What we know today as Haig Housing Trust started originally as The Housing Association for Officers’ Families (HAOF). Founded in 1916 by Mrs Willie James who was one of the leading hostesses of late Victorian and early Edwardian society, it was based on the simple premise that as the First World War continued, officers were being drawn increasingly from other than the ‘traditional’ officer class. With many of these now also being severely injured or killed, they and their families often had little financial inheritance to fall back on. Their greatest need, with in many cases no bread-winner, was housing. The original objectives were therefore to providing homes for the widows and dependants of Service officers and disabled officers and their dependants in need.
In December 1915, Field Marshall Sir Douglas Haig took over as the Commander-in-Chief of the British and Empire forces on the Western Front in Europe. He is often associated with the terrible losses that occurred during his offensives on the Somme in 1916 although many historians today acknowledge he had few other strategic options, especially with the need to alleviate pressure on the French who remained hard-pressed by the German at Verdun and that high casualties were a consequence of the tactical and strategic realities of the time. He also oversaw the offensives around the Third Battle of Ypres in 1917, as part of a continuing war of attrition between the major Allies and the Germans. However, what is less well known is that Haig proved absolutely tenacious during the early part of 1918 and subsequently, between late summer and the end of the war was largely responsible for defeating the main part of the German Army, with the greatest succession of victories in the British Army’s history.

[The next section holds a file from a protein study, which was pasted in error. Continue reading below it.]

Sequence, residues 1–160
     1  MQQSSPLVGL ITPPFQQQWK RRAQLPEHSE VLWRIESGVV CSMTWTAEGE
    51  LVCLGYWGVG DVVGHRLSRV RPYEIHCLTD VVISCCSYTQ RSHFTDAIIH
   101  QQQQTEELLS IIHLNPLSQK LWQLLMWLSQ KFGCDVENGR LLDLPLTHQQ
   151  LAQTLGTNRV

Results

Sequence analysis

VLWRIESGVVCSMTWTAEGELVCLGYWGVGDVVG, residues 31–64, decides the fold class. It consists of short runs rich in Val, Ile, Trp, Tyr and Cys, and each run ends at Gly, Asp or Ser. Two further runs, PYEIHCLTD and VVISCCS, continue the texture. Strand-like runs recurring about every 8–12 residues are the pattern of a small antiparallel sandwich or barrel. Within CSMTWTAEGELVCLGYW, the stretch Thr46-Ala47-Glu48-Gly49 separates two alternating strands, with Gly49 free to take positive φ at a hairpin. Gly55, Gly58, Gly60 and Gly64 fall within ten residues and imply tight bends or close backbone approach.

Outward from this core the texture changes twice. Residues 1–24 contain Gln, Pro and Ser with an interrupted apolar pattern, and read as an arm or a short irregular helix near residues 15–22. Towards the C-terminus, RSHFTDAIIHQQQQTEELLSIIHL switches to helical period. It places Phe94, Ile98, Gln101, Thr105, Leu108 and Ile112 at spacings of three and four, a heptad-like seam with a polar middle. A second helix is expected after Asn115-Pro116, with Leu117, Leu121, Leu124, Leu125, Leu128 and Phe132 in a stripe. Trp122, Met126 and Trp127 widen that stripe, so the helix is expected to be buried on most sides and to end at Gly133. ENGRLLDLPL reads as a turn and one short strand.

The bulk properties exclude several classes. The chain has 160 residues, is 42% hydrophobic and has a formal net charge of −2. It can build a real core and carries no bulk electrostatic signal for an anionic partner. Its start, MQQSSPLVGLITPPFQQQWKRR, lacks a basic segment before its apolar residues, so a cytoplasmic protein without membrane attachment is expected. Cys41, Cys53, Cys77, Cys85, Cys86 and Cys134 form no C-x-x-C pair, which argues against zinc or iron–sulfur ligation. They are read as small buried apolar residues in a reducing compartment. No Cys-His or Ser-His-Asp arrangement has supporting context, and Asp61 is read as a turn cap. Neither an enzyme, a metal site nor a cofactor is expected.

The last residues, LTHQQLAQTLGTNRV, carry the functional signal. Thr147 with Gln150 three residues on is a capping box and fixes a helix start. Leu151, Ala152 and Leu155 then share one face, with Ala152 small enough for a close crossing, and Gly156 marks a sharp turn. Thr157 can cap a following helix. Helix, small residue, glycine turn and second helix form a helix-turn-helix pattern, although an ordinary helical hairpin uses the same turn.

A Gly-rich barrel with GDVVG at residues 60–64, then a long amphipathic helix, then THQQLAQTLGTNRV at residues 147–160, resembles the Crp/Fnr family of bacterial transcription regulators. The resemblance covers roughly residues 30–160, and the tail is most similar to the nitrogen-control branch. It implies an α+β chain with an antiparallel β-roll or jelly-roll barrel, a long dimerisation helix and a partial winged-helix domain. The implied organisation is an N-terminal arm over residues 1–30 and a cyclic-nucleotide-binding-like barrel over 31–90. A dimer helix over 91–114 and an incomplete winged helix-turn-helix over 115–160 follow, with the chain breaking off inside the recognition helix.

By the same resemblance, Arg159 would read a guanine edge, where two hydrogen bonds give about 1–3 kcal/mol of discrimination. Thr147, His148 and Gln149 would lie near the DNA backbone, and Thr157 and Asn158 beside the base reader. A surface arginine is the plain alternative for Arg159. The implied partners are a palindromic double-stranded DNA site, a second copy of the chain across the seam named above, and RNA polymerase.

After the war he devoted much of his time to highlight and solve many problems facing ex-Service people and their families. He was particularly concerned with the plight of those disabled during their service in theatres of war and the difficulties created by this in their civilian lives. He subsequently argued for the amalgamation of various ex-Service organisations (ruling out the suggestion of a separate organisation for officers), into The British Legion which was founded in June 1921. He was instrumental in setting up the Haig Fund for the financial assistance of ex-servicemen with continues today as the Poppy Fund. He died, unexpectedly, of a heart attack in January 1928.
The Douglas Haig Memorial Homes, known subsequently as Haig Homes, was established as a charitable trust in 1929 at the invitation of the then Prince of Wales, as a more fitting national memorial (than raising another piece of statuary) to Field Marshal Earl Haig to perpetuate his memory and to continue his work. The Prince of Wales, later King Edward VIII, who had served under Haig during the War and worked with him in the ensuing peace, said that this would not only mark the nation’s gratitude but would preserve the continuity of the work which Earl Haig had invested in so much since the war ended.
The Prince of Wales became the first Patron of the charity, retaining this for his short period as King Edward VIII, with this subsequently passing to his brother George VII and, upon his death, to our current Patron, Her Majesty The Queen.